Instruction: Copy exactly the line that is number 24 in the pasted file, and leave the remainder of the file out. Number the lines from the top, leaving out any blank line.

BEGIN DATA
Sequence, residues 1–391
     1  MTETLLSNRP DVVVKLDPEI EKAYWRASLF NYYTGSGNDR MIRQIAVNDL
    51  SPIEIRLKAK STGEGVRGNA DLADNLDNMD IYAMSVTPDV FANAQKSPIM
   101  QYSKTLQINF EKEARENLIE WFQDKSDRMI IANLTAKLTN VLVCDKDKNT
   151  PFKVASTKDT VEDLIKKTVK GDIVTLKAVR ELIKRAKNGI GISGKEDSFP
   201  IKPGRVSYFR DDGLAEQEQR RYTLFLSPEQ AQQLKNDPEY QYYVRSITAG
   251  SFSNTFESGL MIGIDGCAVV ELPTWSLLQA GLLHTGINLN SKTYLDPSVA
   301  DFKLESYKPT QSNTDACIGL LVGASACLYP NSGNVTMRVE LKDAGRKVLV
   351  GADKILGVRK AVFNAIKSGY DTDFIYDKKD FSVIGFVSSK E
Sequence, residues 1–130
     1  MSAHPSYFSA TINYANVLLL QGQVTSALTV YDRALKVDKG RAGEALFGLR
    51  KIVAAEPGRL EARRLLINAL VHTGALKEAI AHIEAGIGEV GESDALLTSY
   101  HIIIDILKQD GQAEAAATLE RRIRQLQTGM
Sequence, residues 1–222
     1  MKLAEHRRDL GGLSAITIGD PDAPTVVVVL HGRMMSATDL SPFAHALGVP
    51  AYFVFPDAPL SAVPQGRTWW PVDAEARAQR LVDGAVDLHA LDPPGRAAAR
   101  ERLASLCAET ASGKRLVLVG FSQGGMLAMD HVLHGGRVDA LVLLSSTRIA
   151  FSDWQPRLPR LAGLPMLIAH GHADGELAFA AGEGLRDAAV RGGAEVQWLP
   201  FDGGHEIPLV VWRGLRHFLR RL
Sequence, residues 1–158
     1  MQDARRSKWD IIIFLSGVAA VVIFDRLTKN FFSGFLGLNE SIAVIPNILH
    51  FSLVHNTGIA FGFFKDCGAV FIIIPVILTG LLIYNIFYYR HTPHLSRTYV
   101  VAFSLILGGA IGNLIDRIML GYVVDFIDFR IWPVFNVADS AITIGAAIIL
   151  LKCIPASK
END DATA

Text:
   151  LKCIPASK